Alan's corner: How culture effectively defines an organisation
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Alan’s corner: How culture effectively defines an organisation

Alan’s corner: How culture effectively defines an organisation

It’s the culture within an organisation that ultimately shapes how things will get done

During a recent leadership workshop, I asked the question: “What is the main driver of success for an organisation?” You can imagine the range of answers I got. “It’s about having an amazing product that is different,” said one.

Another offered: “It’s all about having great people”. While others gave answers such as “great service”, “lowest prices”, “clever marketing”, I simply nodded in agreement, supporting
every answer.

The reality is that all of these answers are perfectly correct in varying proportions, depending on where the organisation is in its evolution. It also depends on the competitive environment, the market and changing customer dynamics. But what is it that binds all of these concepts together and ensures they are executed effectively?

I believe the common denominator that determines the success or failure for any organisation, is its culture. Vision and mission describe ‘why’ an organisation exists. Strategy outlines ‘what’ should be done and ‘when’. Structure details ‘who’ will do what. But it’s the culture that shapes ‘how’ things will get done.

Management guru Peter Drucker was credited with saying: “Culture eats strategy for breakfast”. In corporate language, culture is often defined as ‘the way we do things around here’. It’s possible to ‘read’ the culture of an organisation from how it interacts with customers, media, suppliers and its own people. For example, the experience you get in Spinney’s is
quite different to what you get in Carrefour. That’s driven by a clearly defined brand to set context and culture to execute it consistently at every touch point, every day.

Within the definition of culture as ‘the way we do things around here’, there is a clue. Culture in essence is a combination of the values and behaviours of its people, the leadership style, the processes and the rules they live by.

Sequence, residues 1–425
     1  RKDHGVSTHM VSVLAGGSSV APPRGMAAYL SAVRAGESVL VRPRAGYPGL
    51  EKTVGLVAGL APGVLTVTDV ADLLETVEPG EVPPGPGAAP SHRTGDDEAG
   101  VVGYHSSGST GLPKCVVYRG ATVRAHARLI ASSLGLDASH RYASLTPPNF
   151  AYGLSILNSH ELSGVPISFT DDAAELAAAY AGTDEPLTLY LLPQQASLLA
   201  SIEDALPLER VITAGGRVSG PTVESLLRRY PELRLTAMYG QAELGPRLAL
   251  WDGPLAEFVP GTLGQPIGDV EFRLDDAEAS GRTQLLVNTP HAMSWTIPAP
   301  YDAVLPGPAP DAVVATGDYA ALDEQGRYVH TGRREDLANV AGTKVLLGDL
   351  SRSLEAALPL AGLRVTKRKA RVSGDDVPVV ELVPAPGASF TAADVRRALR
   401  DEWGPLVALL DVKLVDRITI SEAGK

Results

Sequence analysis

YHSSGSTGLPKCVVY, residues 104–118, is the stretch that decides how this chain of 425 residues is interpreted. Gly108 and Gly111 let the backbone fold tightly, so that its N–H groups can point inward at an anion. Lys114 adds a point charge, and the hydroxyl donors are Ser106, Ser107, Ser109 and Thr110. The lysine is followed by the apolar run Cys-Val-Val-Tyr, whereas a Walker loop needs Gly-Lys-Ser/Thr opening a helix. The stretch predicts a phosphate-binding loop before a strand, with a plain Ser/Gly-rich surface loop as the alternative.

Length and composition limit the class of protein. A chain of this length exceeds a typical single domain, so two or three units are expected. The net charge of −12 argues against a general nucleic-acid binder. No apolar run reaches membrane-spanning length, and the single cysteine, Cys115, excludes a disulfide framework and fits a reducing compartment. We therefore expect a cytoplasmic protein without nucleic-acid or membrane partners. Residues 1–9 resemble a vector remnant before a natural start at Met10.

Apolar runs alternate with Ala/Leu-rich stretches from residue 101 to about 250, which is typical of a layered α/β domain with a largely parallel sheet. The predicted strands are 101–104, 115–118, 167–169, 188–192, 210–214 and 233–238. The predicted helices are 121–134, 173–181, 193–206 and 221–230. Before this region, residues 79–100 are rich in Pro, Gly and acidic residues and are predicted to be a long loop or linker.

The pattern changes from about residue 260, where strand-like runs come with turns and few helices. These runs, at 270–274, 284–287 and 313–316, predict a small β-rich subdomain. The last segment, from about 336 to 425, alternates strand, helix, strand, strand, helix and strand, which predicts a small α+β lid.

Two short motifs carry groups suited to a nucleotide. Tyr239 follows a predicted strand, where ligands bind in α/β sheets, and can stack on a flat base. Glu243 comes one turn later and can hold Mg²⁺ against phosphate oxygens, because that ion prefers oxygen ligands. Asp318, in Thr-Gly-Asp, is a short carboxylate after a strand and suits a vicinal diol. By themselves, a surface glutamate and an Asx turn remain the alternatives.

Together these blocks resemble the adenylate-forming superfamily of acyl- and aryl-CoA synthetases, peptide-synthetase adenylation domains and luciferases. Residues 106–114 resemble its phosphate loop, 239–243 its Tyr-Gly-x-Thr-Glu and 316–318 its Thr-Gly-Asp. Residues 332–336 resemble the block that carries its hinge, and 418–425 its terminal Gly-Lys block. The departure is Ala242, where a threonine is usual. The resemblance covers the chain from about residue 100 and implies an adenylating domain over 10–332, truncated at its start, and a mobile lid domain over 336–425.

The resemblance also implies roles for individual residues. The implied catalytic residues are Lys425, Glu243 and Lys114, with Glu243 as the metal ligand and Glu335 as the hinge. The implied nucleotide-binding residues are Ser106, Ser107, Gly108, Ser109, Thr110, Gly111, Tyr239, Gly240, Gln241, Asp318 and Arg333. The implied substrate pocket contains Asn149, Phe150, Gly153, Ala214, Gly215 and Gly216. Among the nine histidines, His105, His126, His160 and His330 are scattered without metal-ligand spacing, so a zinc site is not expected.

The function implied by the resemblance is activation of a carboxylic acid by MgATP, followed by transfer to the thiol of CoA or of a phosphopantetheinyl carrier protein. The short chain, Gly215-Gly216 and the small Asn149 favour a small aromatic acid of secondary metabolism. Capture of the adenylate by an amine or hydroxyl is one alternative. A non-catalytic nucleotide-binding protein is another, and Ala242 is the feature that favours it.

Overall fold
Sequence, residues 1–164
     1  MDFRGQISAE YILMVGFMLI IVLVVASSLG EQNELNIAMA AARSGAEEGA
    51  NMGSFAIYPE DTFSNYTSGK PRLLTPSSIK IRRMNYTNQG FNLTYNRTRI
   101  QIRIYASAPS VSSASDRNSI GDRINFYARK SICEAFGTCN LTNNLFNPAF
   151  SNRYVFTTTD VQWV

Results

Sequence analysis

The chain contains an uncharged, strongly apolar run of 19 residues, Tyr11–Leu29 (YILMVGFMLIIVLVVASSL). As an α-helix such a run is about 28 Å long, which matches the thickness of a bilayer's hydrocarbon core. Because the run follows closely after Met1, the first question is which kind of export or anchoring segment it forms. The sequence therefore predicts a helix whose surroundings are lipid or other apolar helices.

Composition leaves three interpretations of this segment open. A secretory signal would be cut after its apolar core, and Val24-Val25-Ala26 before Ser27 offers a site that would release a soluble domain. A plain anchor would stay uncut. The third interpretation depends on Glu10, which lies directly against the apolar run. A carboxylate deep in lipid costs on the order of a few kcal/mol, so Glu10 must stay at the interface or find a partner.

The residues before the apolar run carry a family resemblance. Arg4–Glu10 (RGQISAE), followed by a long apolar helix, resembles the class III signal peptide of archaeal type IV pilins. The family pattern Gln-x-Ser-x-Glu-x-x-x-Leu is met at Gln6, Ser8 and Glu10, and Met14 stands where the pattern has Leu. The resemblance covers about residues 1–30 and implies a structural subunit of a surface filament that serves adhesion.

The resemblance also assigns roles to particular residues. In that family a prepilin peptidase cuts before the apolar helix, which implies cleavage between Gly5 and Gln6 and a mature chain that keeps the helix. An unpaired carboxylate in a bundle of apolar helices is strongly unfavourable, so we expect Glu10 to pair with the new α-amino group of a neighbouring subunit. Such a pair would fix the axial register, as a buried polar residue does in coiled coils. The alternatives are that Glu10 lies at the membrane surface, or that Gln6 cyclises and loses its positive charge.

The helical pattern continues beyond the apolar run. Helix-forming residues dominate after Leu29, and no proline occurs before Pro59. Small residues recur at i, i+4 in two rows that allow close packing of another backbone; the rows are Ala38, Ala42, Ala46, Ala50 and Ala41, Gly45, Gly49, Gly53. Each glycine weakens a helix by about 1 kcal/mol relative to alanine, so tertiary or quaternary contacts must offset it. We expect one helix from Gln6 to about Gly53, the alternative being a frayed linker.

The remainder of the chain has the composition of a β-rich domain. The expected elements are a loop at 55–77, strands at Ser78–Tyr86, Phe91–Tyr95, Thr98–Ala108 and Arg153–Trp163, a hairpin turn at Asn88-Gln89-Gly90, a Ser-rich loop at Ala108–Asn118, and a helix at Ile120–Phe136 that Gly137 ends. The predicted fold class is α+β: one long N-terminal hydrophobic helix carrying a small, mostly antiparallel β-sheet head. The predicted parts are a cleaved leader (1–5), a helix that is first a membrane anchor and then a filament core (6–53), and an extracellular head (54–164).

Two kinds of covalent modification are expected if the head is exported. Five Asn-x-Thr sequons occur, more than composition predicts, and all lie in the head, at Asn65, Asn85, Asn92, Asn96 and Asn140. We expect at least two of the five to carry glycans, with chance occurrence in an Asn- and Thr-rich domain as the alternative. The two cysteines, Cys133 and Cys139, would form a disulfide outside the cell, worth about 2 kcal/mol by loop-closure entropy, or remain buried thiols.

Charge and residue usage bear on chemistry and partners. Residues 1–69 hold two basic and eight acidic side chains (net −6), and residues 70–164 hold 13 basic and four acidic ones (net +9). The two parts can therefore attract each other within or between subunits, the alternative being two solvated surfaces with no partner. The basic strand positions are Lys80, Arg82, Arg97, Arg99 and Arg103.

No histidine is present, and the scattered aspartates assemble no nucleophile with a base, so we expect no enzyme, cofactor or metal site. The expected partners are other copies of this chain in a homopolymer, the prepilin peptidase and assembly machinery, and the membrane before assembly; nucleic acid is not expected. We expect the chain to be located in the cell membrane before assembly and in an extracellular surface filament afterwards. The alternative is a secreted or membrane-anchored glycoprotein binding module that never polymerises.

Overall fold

It’s very encouraging to see huge brands like Disney attribute so much of their success to culture. They proactively defined their culture and continue to embed it right across their organisations. And if an organisation of its size can do it, then a more nimble SME should certainly be able to do that too.

I was invited to kick-start a culture change project for a family business in Dubai. With a level of maturity and openness, they acknowledged that their culture needs a refresh. As they examined past successes and failures, they concluded that those results were more to do with execution than the quality of the plans.

Culture Change Tips
Every organisation has a culture, whether you realise it or not. You may not be able to define it or even have planned it. But you do have one. There will be elements of it that are good and some that are holding you back. I am an avid supporter of organisations taking charge and shaping their own culture.

Consider these steps in doing just that:

1. DO AN AUDIT OF YOUR CURRENT CULTURE
Firstly, conduct focus groups of your own people, customers and suppliers. Think carefully about what questions you want to ask. You need to address the softer issues such as behaviour, processes and leadership. From the findings, carefully design an independent and anonymous culture survey rather than a generic one. Resist selecting a partner just because of the software they use. Engage a company that understands culture and helps you to ask the right questions. That will ensure you get quality insights as a result.

2. DESIGN A NEW CULTURE, USING ‘VALUES’
Use the feedback and insights to design a new culture, built on a set of values that respect the heritage of your brand, the ambition of the key stakeholders and the changes in your environment (such as competition, customers’ changing needs, employee expectations and so on). Do not use generic words from a Google search that any organisation could
also claim. Make them your own.

3. USE THIS ‘GAP ANALYSIS’ TO PLAN YOUR CHANGE PROGRAMME
There will of course be a gap between your actual culture and your ideal – there always is! Use these insights to develop a plan and a structured change programme. This is better when it is facilitated by a third party, to share best practices, to challenge you and keep you on track.

THE LAST WORD
A proactively defined culture impacts your customer experience, how engaged your people are to your brand, your marketing, internal controls and how decisions are made. In other words, everything that happens in your organisation is shaped by your culture. And remember, others can copy your strategy but nobody can copy your culture.

Alan O’Neill is a change consultant and speaker

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